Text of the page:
Further, will my noble friend confirm that the food and feed imported from outside the EU will have more frequent additional physical checks, rather than those currently carried out only randomly on a predefined percentage? It is, again, important to our own home producers to ensure that, while they are subject to the absolute force of law from the Food Standards Agency and Food Standards Scotland, those imports from third countries will meet the same high standards at the point of import. It is not right that we should leave it to local authorities, whose resources are extremely stretched at the moment, to do all the checks required, when these checks would be better taking place at the point of entry. At the moment, all food and feed of animal origin coming from outside the EU is subjected to only documentary checks confirming that appropriate documentation is supplied and identity checks confirming that product matches the documentation. Will my noble friend undertake an assessment after six or 12 months of this trade Bill coming into force to ensure that a higher proportion of additional physical checks than just a predefined percentage are taking place at the point of entry?

It is in the context of those questions that I urge my noble friend to look very favourably on the purport and content of Amendment 10.

I rise to speak to the proposed new clause “Review: forest risk commodities”, which is in my name and the names of the noble Baroness, Lady Boycott, and the noble Lords, Lord Davies and Lord McNicol. The noble Lord, Lord Davies, has spoken and I thank him for his support. I also appreciated the words of the noble Baroness, Lady Bakewell, when she spoke earlier, and I strongly agree with the case she made for prioritising indigenous people. There is no cheaper or more effective solution, if we are interested in protecting nature, than backing those who have been doing that for generations. The maths and facts speak for themselves—80% of terrestrial biodiversity is in land looked after, and in some cases owned by, indigenous people, so the noble Baroness makes the point very well.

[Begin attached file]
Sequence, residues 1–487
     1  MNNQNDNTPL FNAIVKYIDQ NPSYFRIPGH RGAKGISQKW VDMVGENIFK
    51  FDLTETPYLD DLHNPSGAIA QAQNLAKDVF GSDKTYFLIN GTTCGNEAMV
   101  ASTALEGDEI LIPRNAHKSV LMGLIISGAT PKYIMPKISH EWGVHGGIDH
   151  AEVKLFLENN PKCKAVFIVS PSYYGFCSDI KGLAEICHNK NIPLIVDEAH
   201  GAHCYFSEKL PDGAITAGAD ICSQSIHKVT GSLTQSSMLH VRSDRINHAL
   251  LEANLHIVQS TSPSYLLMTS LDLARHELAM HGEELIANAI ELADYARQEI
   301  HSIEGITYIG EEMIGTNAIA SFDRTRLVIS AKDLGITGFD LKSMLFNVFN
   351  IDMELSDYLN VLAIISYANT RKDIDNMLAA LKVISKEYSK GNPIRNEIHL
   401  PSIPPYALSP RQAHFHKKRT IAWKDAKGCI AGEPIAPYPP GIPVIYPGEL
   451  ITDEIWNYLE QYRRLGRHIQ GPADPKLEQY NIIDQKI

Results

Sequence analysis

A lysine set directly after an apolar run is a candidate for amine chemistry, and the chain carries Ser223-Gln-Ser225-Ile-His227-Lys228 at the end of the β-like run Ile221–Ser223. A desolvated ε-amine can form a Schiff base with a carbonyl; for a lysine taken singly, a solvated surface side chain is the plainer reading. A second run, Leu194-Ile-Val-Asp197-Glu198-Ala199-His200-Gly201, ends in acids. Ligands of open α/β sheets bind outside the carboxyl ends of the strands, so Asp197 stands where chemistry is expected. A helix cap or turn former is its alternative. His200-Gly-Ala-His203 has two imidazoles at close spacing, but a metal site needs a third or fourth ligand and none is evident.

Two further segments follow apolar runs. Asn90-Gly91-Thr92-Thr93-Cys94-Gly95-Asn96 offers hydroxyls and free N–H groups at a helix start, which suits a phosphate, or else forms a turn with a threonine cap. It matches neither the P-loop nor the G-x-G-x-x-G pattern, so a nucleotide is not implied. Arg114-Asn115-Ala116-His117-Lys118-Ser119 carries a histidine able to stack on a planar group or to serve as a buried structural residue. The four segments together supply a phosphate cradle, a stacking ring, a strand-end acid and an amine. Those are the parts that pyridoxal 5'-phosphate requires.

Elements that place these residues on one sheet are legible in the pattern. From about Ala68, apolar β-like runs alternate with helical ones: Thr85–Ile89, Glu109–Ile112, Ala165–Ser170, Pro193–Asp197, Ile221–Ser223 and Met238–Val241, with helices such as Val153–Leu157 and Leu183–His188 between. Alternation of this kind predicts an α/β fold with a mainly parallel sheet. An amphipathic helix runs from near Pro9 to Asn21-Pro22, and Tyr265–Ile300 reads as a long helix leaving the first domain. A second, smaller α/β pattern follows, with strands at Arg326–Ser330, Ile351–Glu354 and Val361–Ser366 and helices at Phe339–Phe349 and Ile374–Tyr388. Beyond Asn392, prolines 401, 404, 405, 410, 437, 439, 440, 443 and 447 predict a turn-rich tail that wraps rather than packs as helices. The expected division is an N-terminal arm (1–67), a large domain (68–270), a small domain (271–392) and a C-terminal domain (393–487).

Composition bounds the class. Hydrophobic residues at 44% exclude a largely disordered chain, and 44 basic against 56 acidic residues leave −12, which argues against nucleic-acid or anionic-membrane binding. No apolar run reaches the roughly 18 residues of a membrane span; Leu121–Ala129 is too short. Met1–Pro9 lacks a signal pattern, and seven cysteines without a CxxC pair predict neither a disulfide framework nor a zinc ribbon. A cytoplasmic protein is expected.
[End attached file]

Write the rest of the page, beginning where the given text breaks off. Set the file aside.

Deforestation is a major environmental crisis for so many reasons. We heard earlier from the noble Baroness that the displacement of people all over the world is causing runaway biodiversity collapse and the loss of a terrifying variety of lifeforms. Once gone, they are never going to come back. Nearly 90% of deforestation is caused by agricultural expansion. The resulting loss of habitat has caused a horrifying decline in everything from tigers and elephants to rhinos, hornbills and orangutans. Orangutans, incidentally, are relevant to this amendment because they tend to live in areas where palm oil is so prevalent; they have lost 80% of their habitat in the last 20 years.

Forest loss goes far beyond even that. The Congo basin, whose forest is disappearing at a rate of around 1 million hectares every single year, produces most of the rainfall for the entire continent of Africa. If those trends are allowed to continue, we are going to see humanitarian crisis on biblical scales. In the Amazon too—we do not fully understand the role of the Amazon in generating rainfall, but we know it generates rainfall and that that rainfall falls in the southern states of the United States, and that without the Amazon there would be huge repercussions across that entire region—it is in everyone’s interest that stopping deforestation remains a top priority.

I have not even mentioned climate change at this point. Deforestation is now the second leading cause of climate change after burning fossil fuels. There is no credible solution to climate change and no credible net-zero plan that does not include nature at its very heart. A plan that does not include nature is not, in real terms, a plan at all.